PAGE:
The Bureau of Manufactured History

“Fiction is the lie through which we tell the truth,” wrote Albert Camus.

Inspired by the methodology of Surrealism and the madness of Dada, the Bureau of Manufactured History works to uncover the unconscious content of the city. As our lives and neighborhoods become increasingly hyper-planned data-driven sites for commerce, the need for unpredictability, mystery, and romance becomes more urgent. “Fiction is the lie through which we tell the truth,” wrote Albert Camus, and the fictions of our cities deserve more attention. With this principle in mind, the Bureau collects rumors, dreams, historical moments, personal reports, and coincidences that can be reconfigured into a chaotic wide-angle portrait of today’s city. Cities are subjective and wildly emotional creatures, and the Bureau shall bear witness to the dreams of the people who make them tick.

The Bureau of Manufactured History was a collaboration between Oliver Blank and myself that explores the personalities of cities. I spent the month of March in Indianapolis writing stories based on urban legends, historical rumors, and general chatter recorded on the Bureau’s open telephone line. Mr. Blank transformed elements of these stories into a 45-minute composition and a performance-based installation using a desk, audio speaker, the soul of Indianapolis, and a chair. The Former Desk of the First Office of the Bureau of Manufactured History was unveiled at a ceremony on the third of May and continues to appear in unexpected locations throughout the city. A book called The Manufactured History of Indianapolis was published in 2013.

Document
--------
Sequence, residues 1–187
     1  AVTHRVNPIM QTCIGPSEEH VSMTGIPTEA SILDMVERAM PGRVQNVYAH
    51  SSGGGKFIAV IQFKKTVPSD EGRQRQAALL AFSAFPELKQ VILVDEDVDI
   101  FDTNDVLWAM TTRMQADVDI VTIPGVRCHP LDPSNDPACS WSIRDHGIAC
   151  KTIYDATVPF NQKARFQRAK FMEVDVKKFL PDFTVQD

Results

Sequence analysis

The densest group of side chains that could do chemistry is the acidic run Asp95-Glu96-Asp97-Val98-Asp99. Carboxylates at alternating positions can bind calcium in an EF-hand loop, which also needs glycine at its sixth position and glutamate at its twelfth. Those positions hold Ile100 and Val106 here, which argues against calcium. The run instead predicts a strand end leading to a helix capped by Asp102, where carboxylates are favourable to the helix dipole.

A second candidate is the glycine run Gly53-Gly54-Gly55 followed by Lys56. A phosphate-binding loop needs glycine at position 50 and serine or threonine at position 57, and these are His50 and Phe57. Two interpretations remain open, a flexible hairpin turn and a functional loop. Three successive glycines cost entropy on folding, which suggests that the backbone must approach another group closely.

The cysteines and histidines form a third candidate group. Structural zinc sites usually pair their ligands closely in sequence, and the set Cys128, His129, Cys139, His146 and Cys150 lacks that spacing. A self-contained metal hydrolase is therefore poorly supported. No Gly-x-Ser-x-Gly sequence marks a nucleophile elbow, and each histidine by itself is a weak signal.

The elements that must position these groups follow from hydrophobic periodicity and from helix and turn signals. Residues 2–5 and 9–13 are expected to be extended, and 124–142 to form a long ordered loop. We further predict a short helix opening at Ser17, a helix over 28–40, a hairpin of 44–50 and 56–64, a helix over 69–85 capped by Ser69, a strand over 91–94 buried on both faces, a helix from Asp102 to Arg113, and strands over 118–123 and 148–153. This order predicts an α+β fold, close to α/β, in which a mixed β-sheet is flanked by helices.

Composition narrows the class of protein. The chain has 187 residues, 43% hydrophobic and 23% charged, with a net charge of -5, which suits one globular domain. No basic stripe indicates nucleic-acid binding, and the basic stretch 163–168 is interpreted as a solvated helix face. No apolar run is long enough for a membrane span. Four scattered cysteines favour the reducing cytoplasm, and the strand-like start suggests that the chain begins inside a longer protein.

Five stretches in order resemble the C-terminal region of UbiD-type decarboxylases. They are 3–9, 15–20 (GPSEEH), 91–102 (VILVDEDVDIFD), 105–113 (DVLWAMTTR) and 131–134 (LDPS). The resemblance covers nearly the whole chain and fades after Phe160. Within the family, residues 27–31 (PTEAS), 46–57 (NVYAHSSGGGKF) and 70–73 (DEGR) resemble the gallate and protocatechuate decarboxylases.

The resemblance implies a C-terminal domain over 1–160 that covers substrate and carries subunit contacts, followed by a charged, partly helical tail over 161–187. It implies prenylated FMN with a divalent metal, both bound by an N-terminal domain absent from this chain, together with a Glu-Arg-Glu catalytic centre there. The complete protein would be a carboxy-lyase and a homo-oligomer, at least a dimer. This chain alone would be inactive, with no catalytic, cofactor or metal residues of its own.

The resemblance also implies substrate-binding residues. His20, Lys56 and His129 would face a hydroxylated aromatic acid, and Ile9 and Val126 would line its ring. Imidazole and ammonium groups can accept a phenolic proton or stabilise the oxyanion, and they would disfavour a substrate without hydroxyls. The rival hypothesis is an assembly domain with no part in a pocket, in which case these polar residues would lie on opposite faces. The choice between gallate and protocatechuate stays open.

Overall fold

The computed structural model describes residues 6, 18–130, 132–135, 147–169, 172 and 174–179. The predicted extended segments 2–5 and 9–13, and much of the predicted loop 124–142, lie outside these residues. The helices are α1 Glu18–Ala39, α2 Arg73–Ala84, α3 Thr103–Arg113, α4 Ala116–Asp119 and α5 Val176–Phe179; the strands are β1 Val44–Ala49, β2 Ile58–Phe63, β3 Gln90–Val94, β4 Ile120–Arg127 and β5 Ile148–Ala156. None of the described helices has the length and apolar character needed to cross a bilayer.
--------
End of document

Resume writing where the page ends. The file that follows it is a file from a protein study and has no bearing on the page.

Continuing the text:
Scene from the former office of the Bureau of Manufactured History.

Walk to the nearest busy intersection. Run to high ground. Walk to a place you haven’t been before. Walk in one direction until you find somewhere suitable to sit down. Wander the streets aimlessly for approximately one minute.

This project was made possible through a residency by We Are City with support from the Center for Urban Ecology at Butler University and Indiana University Center for Art + Design.

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